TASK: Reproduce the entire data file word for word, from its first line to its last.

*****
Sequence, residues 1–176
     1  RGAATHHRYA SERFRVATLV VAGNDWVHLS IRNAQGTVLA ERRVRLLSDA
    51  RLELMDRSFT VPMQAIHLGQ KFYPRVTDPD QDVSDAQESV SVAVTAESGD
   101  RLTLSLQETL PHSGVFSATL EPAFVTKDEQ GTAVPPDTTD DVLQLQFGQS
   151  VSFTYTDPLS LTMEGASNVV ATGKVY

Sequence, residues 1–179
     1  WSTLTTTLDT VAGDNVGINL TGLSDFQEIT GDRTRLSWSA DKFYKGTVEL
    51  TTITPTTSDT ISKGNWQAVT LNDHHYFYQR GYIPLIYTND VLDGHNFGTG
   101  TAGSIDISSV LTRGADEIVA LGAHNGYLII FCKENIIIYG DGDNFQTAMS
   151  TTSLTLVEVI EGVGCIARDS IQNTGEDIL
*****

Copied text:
Sequence, residues 1–176
     1  RGAATHHRYA SERFRVATLV VAGNDWVHLS IRNAQGTVLA ERRVRLLSDA
    51  RLELMDRSFT VPMQAIHLGQ KFYPRVTDPD QDVSDAQESV SVAVTAESGD
   101  RLTLSLQETL PHSGVFSATL EPAFVTKDEQ GTAVPPDTTD DVLQLQFGQS
   151  VSFTYTDPLS LTMEGASNVV ATGKVY

Sequence, residues 1–179
     1  WSTLTTTLDT VAGDNVGINL TGLSDFQEIT GDRTRLSWSA DKFYKGTVEL
    51  TTITPTTSDT ISKGNWQAVT LNDHHYFYQR GYIPLIYTND VLDGHNFGTG
   101  TAGSIDISSV LTRGADEIVA LGAHNGYLII FCKENIIIYG DGDNFQTAMS
   151  TTSLTLVEVI EGVGCIARDS IQNTGEDIL